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Toolson DNA alive and well on this BYU basketball team

Former BYU star and Jazz player Andy Toolson takes a look at the Toolson line after Jake Toolson finishes his regular season as a Cougar with a remarkable run.

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BYU guard Jake Toolson (5) drives past Pepperdine guard Sedrick Altman (0) during an NCAA college basketball game between Pepperdine and BYU Saturday, Feb. 29, 2020, in Malibu, Calif.

Ringo H.W. Chiu, AP

PROVO — Pepperdine may have taken arrow shooter Jake Toolson off his game, but Mark Pope fired up single-covered Yoeli Childs to crush the Waves 81-64 to close the regular season Saturday.

Put the vice on Toolson? Childs simply delivered a career-high 38 points and 14 boards. In the last meeting, Toolson led a 17 3-point team barrage against Pepperdine. Well, it wasn’t needed Saturday in Malibu, California.

Officials tossed Toolson late in BYU’s win over the Waves for running off the bench when Alex Barcello got knocked into Zuma Beach on a breakaway lay-in attempt. Toolson’s rush to help Barcello is an NCAA no-no.

Still, Toolson’s return to BYU was remarkable for the nation’s best 3-point-shooting team. He had only 11 points Saturday but Pepperdine’s defense had to give Childs a feast to do it.

Pepperdine did everything to try and stop BYU’s outside attack all afternoon, so the Cougars simply turned to Childs, Zac Seljaas and TJ Haws (13 assists) to secure the WCC’s No. 2 seed and win going away.

The Toolson DNA? It’s a thing.

“He has a great shot, always has.” — former BYU great/NBA sharpshooter Andy Toolson on the Cougars’ Jake Toolson

His final year at Utah Valley in 2019 he was a 180 man. That means the total of his field goal, 3-point field goal and free-throw percentages is 180 or above. He shot 44.8% from 3-point land, 53% from the field and 85% from the line for a 182.

His senior year at BYU heading into the Pepperdine game, he was .474 from the field, .462 from 3-point territory and .792 from the line for a 172.8. But this year, he played a tougher preseason schedule in a tougher league with longer travel.

Also, this year the NCAA moved the 3-point line back from 20 feet, 9 inches to 22 feet, 1 3/4 inches. Toolson’s 3-point shooting percentage ticked up from a high in 2019 of 44.8 to this year’s 47.1, after he hit 3 of 3 against the Waves. That is nuts.  

The Toolson clan has churned out plenty of players off the assembly line.

Jake Toolson’s father Troy is first cousin to former Cougar sharpshooter Andy Toolson.

Here’s a look at that Toolson line through Andy, who was gracious enough to chime in on Friday about Jake — “He has a great shot, always has.”

Andy’s oldest son Conner helped lead Salt Lake Community College to an NJCAA national championship before finishing his career at Utah Valley. As a Wolverine, the 6-foot-4 Conner averaged 12.4 points and 3.6 rebounds in 92 games as a starter, averaging 30 minutes a game. He was the 73rd overall pick of the Salt Lake City Stars of the NBA’s G-League draft this past fall.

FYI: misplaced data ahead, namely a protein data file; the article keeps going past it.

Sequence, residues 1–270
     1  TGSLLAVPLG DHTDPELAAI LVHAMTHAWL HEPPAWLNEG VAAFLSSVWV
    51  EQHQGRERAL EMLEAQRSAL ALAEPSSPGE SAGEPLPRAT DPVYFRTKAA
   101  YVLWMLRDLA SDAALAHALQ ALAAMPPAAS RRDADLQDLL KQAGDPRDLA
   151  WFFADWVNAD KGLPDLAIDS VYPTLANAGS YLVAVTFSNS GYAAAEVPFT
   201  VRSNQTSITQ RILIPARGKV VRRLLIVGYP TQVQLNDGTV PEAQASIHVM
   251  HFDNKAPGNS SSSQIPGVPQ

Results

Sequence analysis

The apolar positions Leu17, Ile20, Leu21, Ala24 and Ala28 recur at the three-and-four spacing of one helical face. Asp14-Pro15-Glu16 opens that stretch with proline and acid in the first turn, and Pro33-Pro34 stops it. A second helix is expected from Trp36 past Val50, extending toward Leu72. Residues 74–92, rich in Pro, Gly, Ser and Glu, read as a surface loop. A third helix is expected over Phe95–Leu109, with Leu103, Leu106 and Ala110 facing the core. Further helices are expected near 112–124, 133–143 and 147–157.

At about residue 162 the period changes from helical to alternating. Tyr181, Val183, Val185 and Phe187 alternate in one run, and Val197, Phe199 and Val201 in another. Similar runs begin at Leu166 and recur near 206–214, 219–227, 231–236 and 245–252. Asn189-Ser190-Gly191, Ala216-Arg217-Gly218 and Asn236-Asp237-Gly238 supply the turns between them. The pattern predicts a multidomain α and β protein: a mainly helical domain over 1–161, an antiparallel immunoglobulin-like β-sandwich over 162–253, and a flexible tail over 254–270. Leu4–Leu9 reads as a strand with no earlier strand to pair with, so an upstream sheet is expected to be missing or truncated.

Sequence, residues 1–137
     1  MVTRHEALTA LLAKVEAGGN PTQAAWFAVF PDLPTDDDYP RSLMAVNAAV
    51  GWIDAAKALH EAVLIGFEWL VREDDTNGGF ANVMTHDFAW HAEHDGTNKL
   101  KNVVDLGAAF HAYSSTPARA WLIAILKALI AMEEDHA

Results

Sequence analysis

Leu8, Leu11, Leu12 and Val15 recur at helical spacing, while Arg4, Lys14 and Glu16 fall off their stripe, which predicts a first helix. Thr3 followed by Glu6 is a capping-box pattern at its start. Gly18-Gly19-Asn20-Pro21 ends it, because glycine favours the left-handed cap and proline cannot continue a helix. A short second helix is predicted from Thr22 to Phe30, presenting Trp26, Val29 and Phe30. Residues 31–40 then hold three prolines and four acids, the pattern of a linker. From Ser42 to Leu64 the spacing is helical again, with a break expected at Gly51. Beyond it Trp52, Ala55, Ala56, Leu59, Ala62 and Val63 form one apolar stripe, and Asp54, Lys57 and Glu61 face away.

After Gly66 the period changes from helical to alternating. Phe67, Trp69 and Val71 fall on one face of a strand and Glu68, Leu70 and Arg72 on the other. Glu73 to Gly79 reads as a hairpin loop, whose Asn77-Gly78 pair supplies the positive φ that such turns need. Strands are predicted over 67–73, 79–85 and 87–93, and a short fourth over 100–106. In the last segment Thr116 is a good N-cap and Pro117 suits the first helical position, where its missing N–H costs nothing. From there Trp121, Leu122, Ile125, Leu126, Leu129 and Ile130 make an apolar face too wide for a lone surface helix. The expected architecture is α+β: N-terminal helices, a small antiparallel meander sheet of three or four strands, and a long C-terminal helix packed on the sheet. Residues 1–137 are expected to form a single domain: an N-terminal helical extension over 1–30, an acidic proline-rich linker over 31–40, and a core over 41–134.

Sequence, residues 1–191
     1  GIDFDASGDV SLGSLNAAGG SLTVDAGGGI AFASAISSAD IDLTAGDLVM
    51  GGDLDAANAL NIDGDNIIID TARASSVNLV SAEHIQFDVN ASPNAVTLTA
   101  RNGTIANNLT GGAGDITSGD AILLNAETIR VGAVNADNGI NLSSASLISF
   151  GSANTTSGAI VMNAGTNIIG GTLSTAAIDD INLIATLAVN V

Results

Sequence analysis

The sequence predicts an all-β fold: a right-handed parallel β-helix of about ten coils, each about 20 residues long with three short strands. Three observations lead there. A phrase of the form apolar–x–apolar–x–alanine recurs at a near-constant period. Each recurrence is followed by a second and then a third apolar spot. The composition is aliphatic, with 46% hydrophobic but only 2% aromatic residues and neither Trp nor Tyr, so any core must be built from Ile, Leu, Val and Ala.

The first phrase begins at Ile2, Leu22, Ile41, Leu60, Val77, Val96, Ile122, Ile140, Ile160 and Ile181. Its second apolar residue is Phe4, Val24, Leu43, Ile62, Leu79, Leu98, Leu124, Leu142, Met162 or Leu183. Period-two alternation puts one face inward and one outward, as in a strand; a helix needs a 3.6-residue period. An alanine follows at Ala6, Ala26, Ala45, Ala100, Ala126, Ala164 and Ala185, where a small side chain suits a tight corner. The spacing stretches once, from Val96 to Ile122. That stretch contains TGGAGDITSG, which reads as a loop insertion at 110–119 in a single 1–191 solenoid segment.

Andy’s younger son Tanner, a senior at Union High in Vancouver, Washington, was just named Mr. Basketball in the state of Washington after leading his team to a 24-0 record. While BYU was playing in Malibu, Tanner helped lead Union to a 66-64 win over Gonzaga Prep in the first round of the state championship tournament. As the No. 1 seed, Tanner has averaged 23.1 points a game this season for Union.

“Tanner is a lot more athletic than I ever was,” said Andy. “He was offered by Utah Valley this past summer and has been kind of under the radar as far as recruiting until January, but now he’s receiving more attention.”

Andy, now 54, has lived in Vancouver the past four years working for an investment firm that bought a liquidation grocery business with four locations.

Before Andy Toolson finished his BYU career playing for Roger Reid, he joined Marty Haws in an NCAA Tournament run that ended against Clemson where the Cougars had an eight-point lead with three minutes to play. Toolson went on to play for the Utah Jazz.

Jake Toolson, who has been on fire for the Cougars as a shooter and leader, is the nephew of former Cougar Danny Ainge, NCAA Player of the Year and current general manager and president of basketball operations of the Boston Celtics. Ainge had a front-row seat at last Saturday’s BYU win over Gonzaga in the Marriott Center.

Andy’s son Conner played high school ball with TJ Haws at Lone Peak, and Andy sees the latest Haws as a tremendous player and elite passer. He keeps in touch with his father Marty and sees former Cougar Jeff Chatman, who lives in the Seattle area.

“I have a satellite radio in my car and listen to as many games as I can when traveling. I watch Tanner’s games as well as my other son Drew’s, a seventh-grader,” he said.

Are bloodlines important?

Ask Ainge, who back in his college All-America days in Provo met and married a coed named Michelle Toolson. 

As for Ainge, his son Austin was a starter for the Cougars and is now director of player personnel for the Celtics. Another son, Tanner, is currently a Utah County commissioner and attorney, and his youngest son, Crew, transferred from Utah State after averaging 12.8 points a game in 2018, to Babson College in Wellesley, Massachusetts, near his parents. At Babson, Crew averaged 11.7 points a game in 2019.

DNA? It is a real thing.